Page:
Monuments and NCAs
In 2000, Colorado Sen. Ben Nighthorse Campbell and Rep. Scott McInnis co-sponsored legislation to create a Canyons of the Ancients National Conservation Area west of Cortez.
It had a broad base of support that included the Montezuma County Commission and the San Juan Basin Farm Bureau.
However, Campbell and McInnis ultimately withdrew the bill because of vocal opposition from a contingent of local citizens who argued that then-Interior Secretary Bruce Babbitt was “bluffing” when he said he would seek a national-monument designation for the 164,000-acre area if the NCA did not go through.
As it turned out, he was not bluffing. The monument was designated by President Clinton later that year.
The situation has some similarities with the current discussion over a possible NCA along the Lower Dolores, but it also has differences.
Babbitt had visited the Canyons of the Ancients area several times and had spoken openly about the need for greater protection for its cultural resources. In contrast, there have been no public visits by such high-ranking officials to the Lower Dolores. Also, the Farm Bureau and the Montezuma County Commission are currently in opposition to an NCA on the Dolores.
Still, some area residents are concerned that President Obama might declare a monument on the Dolores if the NCA legislative effort fails. A 2010 Interior Department memo on “treasured landscapes” discussed a number of areas among the BLM’s holdings that might need greater protection through legislation or national-monument designation. The Dolores was included in a list of areas where wilderness or NCA legislation had been or was expected to be introduced. “The Dolores River carves one of America’s premier wild river canyons on the east side of the Colorado Plateau,” the memo said, adding, “There is potential for up to 500,000 acres of protected public lands in this river basin.”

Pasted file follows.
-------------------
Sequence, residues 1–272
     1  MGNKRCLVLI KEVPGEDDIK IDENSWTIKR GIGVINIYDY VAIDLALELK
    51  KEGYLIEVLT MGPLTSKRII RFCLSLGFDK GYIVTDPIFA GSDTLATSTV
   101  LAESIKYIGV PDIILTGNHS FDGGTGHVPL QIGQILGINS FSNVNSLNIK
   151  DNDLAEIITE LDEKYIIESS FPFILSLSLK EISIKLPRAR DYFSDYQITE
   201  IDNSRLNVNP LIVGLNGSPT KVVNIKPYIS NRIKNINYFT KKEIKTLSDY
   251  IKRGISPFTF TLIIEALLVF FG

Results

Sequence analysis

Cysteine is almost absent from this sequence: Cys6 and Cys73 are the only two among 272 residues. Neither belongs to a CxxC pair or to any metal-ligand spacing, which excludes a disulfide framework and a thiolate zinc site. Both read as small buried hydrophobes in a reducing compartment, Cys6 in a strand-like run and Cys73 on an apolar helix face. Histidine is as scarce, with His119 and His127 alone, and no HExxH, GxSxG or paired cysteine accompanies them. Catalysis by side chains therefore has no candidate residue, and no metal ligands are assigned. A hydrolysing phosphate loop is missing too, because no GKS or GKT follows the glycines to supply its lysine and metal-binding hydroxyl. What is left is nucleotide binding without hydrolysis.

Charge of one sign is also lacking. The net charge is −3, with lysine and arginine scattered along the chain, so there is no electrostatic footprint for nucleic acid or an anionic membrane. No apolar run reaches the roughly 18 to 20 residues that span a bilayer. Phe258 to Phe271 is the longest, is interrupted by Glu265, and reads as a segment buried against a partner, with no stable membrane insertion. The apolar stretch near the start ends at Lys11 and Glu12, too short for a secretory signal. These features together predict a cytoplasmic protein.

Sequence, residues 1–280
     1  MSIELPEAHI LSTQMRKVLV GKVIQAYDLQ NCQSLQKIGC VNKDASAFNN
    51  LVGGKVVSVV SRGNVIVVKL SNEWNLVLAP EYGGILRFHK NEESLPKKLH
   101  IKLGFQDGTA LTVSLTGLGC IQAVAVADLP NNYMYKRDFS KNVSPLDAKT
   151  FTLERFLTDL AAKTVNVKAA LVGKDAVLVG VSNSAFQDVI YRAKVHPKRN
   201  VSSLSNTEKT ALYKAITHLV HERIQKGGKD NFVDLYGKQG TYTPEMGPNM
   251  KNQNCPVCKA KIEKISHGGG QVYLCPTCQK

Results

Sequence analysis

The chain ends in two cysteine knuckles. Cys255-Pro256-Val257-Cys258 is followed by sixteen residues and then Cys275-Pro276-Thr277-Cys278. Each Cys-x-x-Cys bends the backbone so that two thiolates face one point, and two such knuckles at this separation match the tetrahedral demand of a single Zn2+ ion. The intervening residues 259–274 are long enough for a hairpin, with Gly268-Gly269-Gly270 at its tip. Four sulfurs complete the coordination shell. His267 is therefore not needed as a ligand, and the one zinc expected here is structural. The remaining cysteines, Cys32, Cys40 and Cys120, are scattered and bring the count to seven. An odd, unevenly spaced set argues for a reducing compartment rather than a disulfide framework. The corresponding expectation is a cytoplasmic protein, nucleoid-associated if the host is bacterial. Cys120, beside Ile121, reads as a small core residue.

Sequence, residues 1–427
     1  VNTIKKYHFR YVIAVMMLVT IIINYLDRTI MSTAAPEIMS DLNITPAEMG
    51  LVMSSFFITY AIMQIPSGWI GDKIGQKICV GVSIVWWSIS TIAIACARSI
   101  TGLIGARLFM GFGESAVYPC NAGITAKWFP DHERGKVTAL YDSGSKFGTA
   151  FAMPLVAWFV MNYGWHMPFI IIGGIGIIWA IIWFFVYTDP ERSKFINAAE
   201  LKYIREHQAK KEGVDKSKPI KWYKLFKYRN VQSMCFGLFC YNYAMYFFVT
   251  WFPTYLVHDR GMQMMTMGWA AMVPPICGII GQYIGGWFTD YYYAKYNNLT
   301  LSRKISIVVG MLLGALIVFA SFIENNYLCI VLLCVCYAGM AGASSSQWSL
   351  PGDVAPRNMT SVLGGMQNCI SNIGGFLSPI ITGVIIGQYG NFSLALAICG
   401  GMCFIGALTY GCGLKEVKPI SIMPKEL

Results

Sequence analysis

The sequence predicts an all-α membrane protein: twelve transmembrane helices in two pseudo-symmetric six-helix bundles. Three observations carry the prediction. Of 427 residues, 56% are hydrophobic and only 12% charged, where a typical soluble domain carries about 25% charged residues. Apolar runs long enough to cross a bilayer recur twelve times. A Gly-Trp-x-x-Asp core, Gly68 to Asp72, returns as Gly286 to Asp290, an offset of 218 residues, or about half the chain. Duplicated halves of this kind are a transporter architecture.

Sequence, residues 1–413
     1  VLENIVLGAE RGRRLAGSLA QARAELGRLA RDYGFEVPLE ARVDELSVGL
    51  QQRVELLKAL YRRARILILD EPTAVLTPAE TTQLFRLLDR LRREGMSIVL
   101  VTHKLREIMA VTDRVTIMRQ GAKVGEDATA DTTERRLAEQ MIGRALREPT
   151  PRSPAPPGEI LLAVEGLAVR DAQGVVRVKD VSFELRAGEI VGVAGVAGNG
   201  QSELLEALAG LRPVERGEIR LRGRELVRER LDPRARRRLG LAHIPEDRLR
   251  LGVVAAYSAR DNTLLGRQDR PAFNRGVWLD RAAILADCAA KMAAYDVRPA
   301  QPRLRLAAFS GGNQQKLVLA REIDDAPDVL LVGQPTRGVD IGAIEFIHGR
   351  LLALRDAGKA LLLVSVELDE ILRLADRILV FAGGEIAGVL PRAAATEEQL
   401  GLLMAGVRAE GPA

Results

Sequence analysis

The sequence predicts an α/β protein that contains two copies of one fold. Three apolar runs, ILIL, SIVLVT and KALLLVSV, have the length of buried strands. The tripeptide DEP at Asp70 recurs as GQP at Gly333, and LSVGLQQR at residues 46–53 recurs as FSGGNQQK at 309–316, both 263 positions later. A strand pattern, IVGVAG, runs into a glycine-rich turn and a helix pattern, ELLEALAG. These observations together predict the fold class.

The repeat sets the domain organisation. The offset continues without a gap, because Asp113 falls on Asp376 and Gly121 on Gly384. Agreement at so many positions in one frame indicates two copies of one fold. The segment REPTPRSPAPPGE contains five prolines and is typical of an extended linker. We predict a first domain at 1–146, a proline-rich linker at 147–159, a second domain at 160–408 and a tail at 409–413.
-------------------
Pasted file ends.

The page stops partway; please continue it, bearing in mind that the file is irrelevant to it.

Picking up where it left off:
The Dolores was not included in a list of prospective national-monument designations in the memo, although some sites in neighboring Utah were, such as Cedar Mesa – a fact that has given impetus to Utah’s effort to create a public-lands bill of its own.
The 2010 memo did call on the Obama administration to “Consider use of the Antiquities Act to set aside new National Monuments where there are immediate threats to nationally significant natural or cultural resources. . .”
In an interview with the Cortez Journal in April 2000, McInnis commented on opposition to the Canyons of the Ancients NCA in remarks that seem prescient today.
Noting that opponents claimed they could overturn a national-monument designation through a lawsuit or congressional action, McInnis said, “Politically, you are not going to undo a national monument. That’s just the political reality. Remember, we have very few votes in the West.”
He said politicians in the East “don’t feel any pain” over new land designations and would not vote to do away with a wilderness area or national monument “short of a national emergency.”
Only a few monuments have ever been overturned by Congress, McInnis told the Journal, and that was primarily to replace them with more-restrictive designations such as wilderness or national parks.
Likewise, he was skeptical about the idea of taking the monument designation to court.
“If it’s a lawsuit, who’s going to pay for it? What are the chances?” he said.
As it turned out, McInnis was right. The monument west of Cortez is in place and is unlikely to be removed.
So what are the odds that President Obama might designate a national monument on the Dolores River before he leaves office? No one can be sure. The possibility may be remote, or it may not. What’s clear, however, is that any monuments that Obama does declare – here, in Utah, or elsewhere – are very unlikely to go away, a fact that local leaders need to keep in mind.